Re: [isabelle] Mere synonyms or the properties of equality being used?

On 9/3/2012 1:18 PM, Ramana Kumar wrote:
Your question seems to me to be more about equality and less about names.

Yea, and I think I figured out the proper question. The right question is not, "Am I proving something, or do I have to prove something?", but "Does the proof of my theorem require the properties that I want it to require?"

To make sense of that, here's what I knew was a fairly vacuous statement:

   (1) theorem "!u. !v. !r. !s. (r = {u,v}) & (s = {u,v}) --> r = s"
         by simp

But that this isn't:

(2) theorem "!u. !v. !r. r = {u,v} --> (!x. x inS r --> (x = u | x = v))"
        by(metis upA)

It is best not to use auto proofs in a mindless manner.

I figured out a good test to test whether a theorem is vacuous: put it before the axioms or theorems that normally make it true. If it's true by simp there, then there's a good chance that's not the right way to state your theorem.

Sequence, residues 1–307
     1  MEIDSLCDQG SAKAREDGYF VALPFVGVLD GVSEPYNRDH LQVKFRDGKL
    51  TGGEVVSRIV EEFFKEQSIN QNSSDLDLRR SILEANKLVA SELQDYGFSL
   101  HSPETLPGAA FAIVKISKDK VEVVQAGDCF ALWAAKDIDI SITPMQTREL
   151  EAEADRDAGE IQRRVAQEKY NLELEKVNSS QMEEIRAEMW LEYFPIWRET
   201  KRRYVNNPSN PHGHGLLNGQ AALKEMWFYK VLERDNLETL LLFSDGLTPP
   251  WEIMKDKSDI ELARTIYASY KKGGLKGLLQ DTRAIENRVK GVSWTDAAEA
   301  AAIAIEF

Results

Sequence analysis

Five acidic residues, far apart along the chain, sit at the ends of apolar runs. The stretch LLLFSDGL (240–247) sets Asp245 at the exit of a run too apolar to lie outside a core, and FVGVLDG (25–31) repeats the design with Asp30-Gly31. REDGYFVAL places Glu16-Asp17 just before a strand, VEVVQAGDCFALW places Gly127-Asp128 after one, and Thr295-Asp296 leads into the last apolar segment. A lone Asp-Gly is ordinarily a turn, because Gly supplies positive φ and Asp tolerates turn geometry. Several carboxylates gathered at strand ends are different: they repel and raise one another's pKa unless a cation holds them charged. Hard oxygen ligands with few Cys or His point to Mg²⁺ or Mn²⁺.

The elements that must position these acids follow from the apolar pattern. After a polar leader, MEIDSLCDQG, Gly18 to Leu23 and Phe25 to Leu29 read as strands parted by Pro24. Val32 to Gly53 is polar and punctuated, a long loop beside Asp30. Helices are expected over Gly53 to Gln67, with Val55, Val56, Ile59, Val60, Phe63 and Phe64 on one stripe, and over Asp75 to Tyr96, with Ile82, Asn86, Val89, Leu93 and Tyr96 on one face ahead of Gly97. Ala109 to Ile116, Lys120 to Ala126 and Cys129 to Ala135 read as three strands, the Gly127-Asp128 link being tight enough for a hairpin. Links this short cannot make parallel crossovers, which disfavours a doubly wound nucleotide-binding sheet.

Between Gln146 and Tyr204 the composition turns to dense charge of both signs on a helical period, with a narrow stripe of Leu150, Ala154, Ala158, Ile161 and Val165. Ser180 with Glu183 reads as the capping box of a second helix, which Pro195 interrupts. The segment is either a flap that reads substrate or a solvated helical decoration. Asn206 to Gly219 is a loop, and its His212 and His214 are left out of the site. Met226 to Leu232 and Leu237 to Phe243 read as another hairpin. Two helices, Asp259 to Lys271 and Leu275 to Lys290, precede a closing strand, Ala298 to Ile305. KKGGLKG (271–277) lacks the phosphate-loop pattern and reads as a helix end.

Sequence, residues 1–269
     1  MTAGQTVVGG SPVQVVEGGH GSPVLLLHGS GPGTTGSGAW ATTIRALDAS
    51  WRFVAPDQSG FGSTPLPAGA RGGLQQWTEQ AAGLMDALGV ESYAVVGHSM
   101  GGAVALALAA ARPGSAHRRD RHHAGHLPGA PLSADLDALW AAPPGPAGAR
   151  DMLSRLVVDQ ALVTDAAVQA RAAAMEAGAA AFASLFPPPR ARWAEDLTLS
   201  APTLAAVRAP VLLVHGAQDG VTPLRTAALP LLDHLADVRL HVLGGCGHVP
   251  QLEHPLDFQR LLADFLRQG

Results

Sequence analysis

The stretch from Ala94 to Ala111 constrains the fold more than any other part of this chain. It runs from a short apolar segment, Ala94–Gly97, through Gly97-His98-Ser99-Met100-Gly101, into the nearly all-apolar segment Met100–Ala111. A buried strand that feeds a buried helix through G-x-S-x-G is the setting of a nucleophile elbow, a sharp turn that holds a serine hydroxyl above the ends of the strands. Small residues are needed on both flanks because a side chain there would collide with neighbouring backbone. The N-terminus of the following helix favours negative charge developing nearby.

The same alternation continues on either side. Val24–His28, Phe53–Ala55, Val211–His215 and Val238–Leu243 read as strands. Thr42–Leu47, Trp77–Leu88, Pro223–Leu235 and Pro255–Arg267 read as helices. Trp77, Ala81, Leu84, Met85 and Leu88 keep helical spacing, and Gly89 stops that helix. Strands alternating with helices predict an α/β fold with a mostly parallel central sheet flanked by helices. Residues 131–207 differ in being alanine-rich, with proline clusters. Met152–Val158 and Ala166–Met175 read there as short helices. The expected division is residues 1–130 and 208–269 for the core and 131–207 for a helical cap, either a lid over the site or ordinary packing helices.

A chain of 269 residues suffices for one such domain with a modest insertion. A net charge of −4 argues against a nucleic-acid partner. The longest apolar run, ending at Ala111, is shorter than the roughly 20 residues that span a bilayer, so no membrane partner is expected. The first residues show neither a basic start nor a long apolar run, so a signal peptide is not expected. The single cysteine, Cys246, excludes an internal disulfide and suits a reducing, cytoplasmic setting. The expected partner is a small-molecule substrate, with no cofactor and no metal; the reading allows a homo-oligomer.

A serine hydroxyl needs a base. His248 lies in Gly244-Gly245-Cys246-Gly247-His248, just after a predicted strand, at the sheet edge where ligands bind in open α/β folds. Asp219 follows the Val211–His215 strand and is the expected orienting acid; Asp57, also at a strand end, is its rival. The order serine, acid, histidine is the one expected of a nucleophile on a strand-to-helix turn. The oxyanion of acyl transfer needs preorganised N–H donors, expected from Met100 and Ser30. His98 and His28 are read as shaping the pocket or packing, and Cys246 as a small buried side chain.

This goes back to my past thoughts of what equality means. Equality doesn't mean identical, because 1/2 = 2/4. But in normal math, when we give different names to the same object, we sometimes start interchanging the names with no appeal to the properties of equality. We treat the names like synonyms.

The meaning of names aren't ever discussed. That's low-level, and I started thinking about names after I saw that two congruence classes can be equal, but yet not "act the same" sometimes.

So maybe those last two rules are what simp is using to prove (1), (2),
and (3). And if simp is proving something, it must mean that something has
to be proved, if it hasn't already been proved.
No, those two rules are about definite choice (THE), which doesn't appear
anywhere in your three simple theorems above.

I'll postpone "choice" for another day, many days into the future.


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